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ZFS Volblocksize for VM Workloads

I store all of my VMs on ZFS pools. On Proxmox, VMs stored on ZFS pools will use zvols by default, rather than a disk file in a dataset. Proxmox zvols use a default volblocksize of 8k. What the heck is a zvol, and what is the impact on storage performance?

Zvols present a virtual block device to the VM, like a physical disk. It sounds pretty cool, but it comes with some caveats. Zvols use a volblocksize rather than a recordsize or a block size. Selecting the wrong volblocksize for your workload can result in extreme write amplification, increased drive wear, and terrible performance.

Volblocksize represents the minimum amount of data that can be written to a zvol. This is the opposite of recordsize, which refers to the maximum. Writing a 1kb file to a zpool with a recordsize of 128k is no problem -- ZFS will simply write 1k. The same 1k write on a zvol with volblocksize of 128k will cause 128k of data to be written. That's a write amplification of 128x. No bueno!

A similar situation occurs in reverse. You have a 128k volblocksize and you need to read 1k. ZFS must read the whole 128k block to return your 1k data. This can greatly increase latency and reduce IOPs.

It gets even worse if you're calculating parity -- arrays with certain drive configurations can lose 50% or more of their total usable space to metadata when block size is set too low. Look for posts discussing "padding overhead" or posts like this for more info.

I was hoping that the perfect volblocksize would be just a google search away... but it looks like it's gonna be more complicated than that! The volblocksize should precisely match the workload, 16k for databases which perform 16k writes, for example. I'm not sure exactly what that would be for my typical usage. So, my goal here is to just to learn what I can about how ZFS interacts with zvols, starting with some simple tests.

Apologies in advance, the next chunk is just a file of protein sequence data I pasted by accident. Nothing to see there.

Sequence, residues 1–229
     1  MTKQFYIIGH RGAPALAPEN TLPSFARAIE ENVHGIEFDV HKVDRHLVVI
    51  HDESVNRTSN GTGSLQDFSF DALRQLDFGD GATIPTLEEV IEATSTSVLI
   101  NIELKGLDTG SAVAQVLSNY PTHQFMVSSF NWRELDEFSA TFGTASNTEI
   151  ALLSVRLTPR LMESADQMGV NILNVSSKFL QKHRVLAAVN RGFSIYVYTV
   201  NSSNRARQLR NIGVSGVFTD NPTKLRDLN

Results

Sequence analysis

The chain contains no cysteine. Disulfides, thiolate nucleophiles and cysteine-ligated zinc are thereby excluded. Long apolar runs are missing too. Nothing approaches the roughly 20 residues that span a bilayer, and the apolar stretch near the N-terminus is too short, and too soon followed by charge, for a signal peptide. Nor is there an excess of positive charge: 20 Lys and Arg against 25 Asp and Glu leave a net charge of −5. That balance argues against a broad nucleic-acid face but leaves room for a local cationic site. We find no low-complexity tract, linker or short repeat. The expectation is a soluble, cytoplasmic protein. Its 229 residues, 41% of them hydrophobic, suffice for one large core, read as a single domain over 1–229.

Testing Methodology - Round 1 #

I'll be using a striped mirror containing 4x 12TB drives. The underlying pool has ashift=12, compression=LZ4, recordsize=128k. I am testing inside a Debian VM with ext4 filesystem, 4k blocks, cache=none.

To test each volblocksize, I am simply moving the virtual disk off of the pool, resetting the volblocksize, and then moving the virtual disk back to the pool. (The data needs to be written again in order for the new volblocksize to take effect.)

For round one, I would like to find the extremes -- just to get some idea of the relationship between these values.

First, I used fio to test random writes of 4k and 1M blocks at queue depth 1. I ran both tests on volblocksizes 8k, 16k, 32k, and 64k. sync=disabled

fio --name=random-write --ioengine=posixaio --rw=randwrite --bs=1M --size=4g --numjobs=1 --iodepth=1 --runtime=60 --time_based --end_fsync=1

4k random writes: #

Volblocksize Block Size IOPS Bandwidth (MiB/s) Average Latency (μs) 99th Percentile Latency (μs) Disk Utilization (%)
8K 4K 15.7k 61.2 41.74 99 86.15
16K 4K 18.1k 70.8 32.89 93 78.41
32K 4K 19.7k 76.8 33.55 105 79.44
64K 4K 25.1k 97.9 35.81 126 55.38

These results were surprising to me! Switching from 8k to 64k volblocksize, we see a 60% increase in throughput and a huge drop in iowait. There is a 60% increase in IOPs, as well.

I will have to run some more detailed tests here, but I suspect these huge gains may come with huge penalties in other areas. Namely, random reads that miss the ARC, or writes that require read/modify/write. Will have to figure out how to test that later.

1M random writes: #

Volblocksize Block Size IOPS Bandwidth (MiB/s) Average Latency (μs) 99th Percentile Latency (μs) Disk Utilization (%)
8K 1M 163 164 3136.59 217056 93.79
16K 1M 177 178 3638.31 125305 90.54
32K 1M 311 312 2207.24 143655 89.67
64K 1M 338 339 1933.32 43779 93.11

Same story here! 106% increase in random write speed switching from 8k volblocksize to 64k. 107% increase in IOPs. Much larger reduction in disk latency here than in the 4k tests.

I would bet we get the same trade-off here, issues with small random reads and modifying files in place. Someone give me a trail of breadcrumbs for how to test that!

line graph

Looking forward to round 2. Next time, I'd like to find a way to see how much amplification is going on here, as well as how badly this is affecting reads outside of ARC.

Would love some feedback on my methodology and some pointers! More fun to learn with friends. brianm88 @ or /dev/goat on Steam.

Thanks for reading. Happy homelabbing!